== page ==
Cotter assured that their organization continues collecting funds to support the work of the Rainbow World Fund in Haiti. "Thousands of people are found living in a basic level of survival. Besides helping with the epidemic of cholera, the Rainbow World Fund assists families that live in the neighborhoods more disadvantaged of the country to fight against the poverty and the malnutrition with the establishment of farms where is carried out the planting and harvesting of vegetables".
The foundation has also been involved in the collection of funds for SEROvie, the Haitian only organization that you grasped to the sexual minorities that is found working in the prevention of the HIV/AIDS. The donations can be carried out in the web page http://rainbowfund.org/donate. "Our commitment with Haiti is unbreakable, the Rainbow World Fund has been working in projects of aid in the country during the last five years", assured Cotter.
March 28, 2011 – IGLHRC
Needs of LGBT Haitians Largely Ignored in Post-quake Recovery Efforts
New York – Violence and discrimination against lesbians, gays, bisexual and transgender (LGBT) people has increased since the January 2010 earthquake, the International Gay and Lesbian Human Rights Commission (IGLHRC) and SEROvie said in a briefing paper issued today. The paper, The Impact of the Earthquake, and Relief and Recovery Programs on Haitian LGBT Peopl, documents anti-LGBT human rights violations that have occurred since the earthquake. “UN Agencies, private organizations, and governments must recognize the horrible impact of the Haiti disaster on LGBT people,” said Cary Alan Johnson, IGLHRC’s Executive Director. “While the needs of some marginalized groups are at least acknowledged, LGBT people are completely ignored.”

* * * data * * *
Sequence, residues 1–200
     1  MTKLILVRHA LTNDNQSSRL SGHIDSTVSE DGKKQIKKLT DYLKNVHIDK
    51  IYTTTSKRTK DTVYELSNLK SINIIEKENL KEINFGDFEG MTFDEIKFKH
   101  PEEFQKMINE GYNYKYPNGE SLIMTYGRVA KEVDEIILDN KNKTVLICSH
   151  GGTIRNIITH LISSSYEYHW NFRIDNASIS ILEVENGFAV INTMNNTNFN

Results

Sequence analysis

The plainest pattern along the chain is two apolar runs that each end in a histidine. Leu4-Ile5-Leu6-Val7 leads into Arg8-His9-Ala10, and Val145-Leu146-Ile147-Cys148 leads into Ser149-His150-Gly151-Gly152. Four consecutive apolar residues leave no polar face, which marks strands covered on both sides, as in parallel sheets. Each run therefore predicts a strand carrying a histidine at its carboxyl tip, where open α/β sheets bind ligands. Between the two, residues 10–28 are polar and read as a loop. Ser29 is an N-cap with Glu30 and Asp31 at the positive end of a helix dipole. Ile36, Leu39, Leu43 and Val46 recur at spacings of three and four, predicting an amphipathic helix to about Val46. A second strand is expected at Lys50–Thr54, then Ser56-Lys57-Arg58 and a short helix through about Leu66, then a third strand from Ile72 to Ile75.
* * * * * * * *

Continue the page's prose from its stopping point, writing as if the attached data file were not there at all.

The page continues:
Perhaps most shocking, conservative religious leaders in Haiti even blame LGBT for the earthquake, leading to increased stigma and violence. “In the days and weeks after the earthquake, we were shouted at in the streets…you gay people, take your sin and go, you are responsible for this tragedy’” said Reginal Dupont, Program Manager at SEROvie. “Many masisi were attacked, verbally and physically.” This irrational blaming of LGBT people for natural disasters is a global phenomenon, with conservative evangelicals like Pat Robertson having blamed homosexuality for the devastation of Hurricane Katrina as well as other natural disasters.